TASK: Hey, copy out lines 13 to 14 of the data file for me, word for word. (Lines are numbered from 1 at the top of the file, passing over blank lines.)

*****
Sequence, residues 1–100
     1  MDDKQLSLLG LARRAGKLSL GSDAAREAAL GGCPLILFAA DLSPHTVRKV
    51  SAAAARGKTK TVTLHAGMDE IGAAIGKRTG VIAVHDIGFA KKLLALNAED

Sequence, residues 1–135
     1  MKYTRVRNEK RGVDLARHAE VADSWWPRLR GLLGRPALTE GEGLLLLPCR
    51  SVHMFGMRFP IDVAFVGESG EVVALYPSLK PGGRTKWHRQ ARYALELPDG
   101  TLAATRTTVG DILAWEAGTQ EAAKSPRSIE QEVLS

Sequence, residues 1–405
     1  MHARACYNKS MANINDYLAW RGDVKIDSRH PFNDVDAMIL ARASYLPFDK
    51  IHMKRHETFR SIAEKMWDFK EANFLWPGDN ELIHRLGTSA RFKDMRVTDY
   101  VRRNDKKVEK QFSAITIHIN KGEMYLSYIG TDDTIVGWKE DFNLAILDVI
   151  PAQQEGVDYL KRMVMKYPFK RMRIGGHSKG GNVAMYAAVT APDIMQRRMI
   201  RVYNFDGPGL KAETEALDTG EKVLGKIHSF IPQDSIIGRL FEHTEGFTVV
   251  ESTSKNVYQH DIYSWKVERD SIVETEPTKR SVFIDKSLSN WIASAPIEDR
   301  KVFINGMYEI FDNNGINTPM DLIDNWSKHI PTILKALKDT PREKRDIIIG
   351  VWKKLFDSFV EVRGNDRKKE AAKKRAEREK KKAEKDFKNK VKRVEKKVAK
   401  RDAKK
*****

   201  RVYNFDGPGL KAETEALDTG EKVLGKIHSF IPQDSIIGRL FEHTEGFTVV
   251  ESTSKNVYQH DIYSWKVERD SIVETEPTKR SVFIDKSLSN WIASAPIEDR